Capital investment in the technology and telecommunications sector, which was fuelled by the speculative frenzy in technology stocks, has fallen even more drastically. During 1996-2000, investment in this sector accelerated by 20% a year, while in the first half of 2001 it fell by over 10%. The slump in technology investment cannot but reduce the rate of productivity growth, despite Alan Greenspan's claims that the gains of the 'new economy' will be maintained. Productivity growth rose from 1.9% pa during 1990-97 to 2.9% pa during 1997-2000 (still below the 3.3% pa average growth of the 1950-73 upswing period). New technology, combined with more intensive exploitation of workers, was undoubtedly a factor in the recent surge of productivity growth, and is unlikely to be continued during the downturn.

Some economic indicators have given mixed signals, not surprising at the beginning of a downturn. Hope springs eternal, especially with profit-crazed investors, and some seized on various reports - a positive consumer confidence survey and fractionally higher car output in March - as proof that there will only be a relatively painless pause in US growth. The underlying trend, however, is clearly towards a recession.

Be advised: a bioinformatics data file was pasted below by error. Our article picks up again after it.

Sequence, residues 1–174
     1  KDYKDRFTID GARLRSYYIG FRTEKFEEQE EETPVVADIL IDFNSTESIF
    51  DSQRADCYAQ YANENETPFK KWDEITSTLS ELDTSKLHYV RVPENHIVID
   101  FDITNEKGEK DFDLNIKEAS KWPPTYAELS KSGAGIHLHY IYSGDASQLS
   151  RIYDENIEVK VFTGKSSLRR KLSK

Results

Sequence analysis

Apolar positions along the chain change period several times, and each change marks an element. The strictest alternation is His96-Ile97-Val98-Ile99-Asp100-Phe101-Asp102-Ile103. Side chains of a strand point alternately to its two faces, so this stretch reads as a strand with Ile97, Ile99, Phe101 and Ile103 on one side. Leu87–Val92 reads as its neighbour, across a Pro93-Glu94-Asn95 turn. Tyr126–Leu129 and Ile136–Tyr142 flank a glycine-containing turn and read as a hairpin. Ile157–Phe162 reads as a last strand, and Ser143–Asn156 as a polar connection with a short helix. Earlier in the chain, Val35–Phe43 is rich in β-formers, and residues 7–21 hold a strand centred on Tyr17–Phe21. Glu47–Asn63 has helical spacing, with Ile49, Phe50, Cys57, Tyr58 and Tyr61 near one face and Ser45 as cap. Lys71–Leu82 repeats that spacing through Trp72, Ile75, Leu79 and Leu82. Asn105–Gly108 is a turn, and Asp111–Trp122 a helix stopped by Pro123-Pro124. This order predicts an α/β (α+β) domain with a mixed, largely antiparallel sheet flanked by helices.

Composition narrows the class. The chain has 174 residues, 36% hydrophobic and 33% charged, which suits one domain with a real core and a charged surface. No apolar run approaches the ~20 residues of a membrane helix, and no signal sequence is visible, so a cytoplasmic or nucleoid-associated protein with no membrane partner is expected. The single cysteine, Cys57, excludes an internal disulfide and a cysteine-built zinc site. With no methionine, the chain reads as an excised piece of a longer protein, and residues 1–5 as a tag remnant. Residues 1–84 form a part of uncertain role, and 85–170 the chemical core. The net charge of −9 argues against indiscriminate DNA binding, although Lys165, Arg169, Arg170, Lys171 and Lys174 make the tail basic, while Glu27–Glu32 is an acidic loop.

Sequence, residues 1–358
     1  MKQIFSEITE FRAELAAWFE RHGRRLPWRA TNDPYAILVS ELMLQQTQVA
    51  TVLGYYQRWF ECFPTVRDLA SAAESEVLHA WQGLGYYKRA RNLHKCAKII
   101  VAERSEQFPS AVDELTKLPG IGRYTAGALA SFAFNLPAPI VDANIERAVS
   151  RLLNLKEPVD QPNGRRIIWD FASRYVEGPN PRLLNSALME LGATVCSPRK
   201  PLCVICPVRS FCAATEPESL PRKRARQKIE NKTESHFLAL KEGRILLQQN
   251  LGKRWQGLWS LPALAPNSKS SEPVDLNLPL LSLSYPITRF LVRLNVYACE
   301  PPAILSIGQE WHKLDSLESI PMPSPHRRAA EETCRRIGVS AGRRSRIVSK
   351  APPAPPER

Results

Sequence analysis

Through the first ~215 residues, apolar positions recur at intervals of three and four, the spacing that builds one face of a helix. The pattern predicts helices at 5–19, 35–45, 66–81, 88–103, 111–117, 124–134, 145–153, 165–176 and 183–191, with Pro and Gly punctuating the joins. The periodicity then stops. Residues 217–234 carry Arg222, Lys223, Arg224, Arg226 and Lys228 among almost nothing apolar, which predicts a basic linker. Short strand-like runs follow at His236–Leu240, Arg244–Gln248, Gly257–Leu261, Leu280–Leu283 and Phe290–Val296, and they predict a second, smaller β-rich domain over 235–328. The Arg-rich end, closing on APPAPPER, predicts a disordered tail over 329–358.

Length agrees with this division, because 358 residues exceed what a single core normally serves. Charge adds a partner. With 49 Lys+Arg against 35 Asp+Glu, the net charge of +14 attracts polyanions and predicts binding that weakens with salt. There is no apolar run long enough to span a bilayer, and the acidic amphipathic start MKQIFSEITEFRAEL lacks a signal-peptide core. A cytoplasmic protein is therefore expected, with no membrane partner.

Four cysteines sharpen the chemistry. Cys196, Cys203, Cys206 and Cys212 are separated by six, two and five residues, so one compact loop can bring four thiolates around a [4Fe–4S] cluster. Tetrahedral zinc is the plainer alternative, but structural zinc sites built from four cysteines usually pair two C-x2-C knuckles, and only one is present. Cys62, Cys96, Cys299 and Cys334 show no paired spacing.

Over the past twelve months, US industrial output has grown by only 0.8%. Despite the slight increase in March, mainly due to increased car production, output in the first quarter fell at an annual rate of 4.7%, the biggest quarterly drop since the end of the 1990-91 recession. Reflecting the serious overcapacity of US and world manufacturing, the utilisation of plant was below 80%, hovering around an eight-year low point.

In its recent statement, moreover, the Federal Reserve referred to 'the persistent erosion' of corporate profits and profit forecasts. There is expected to be a 9% year-on-year decline in corporate profits for the first three months of the year, and the position is likely to deteriorate further. The profits of technology companies, moreover, are expected to fall by 26.4%. Unemployment rose slightly in March, with 86,000 job losses (81,000 in manufacturing), the worst since November 1991 (when 94,000 disappeared).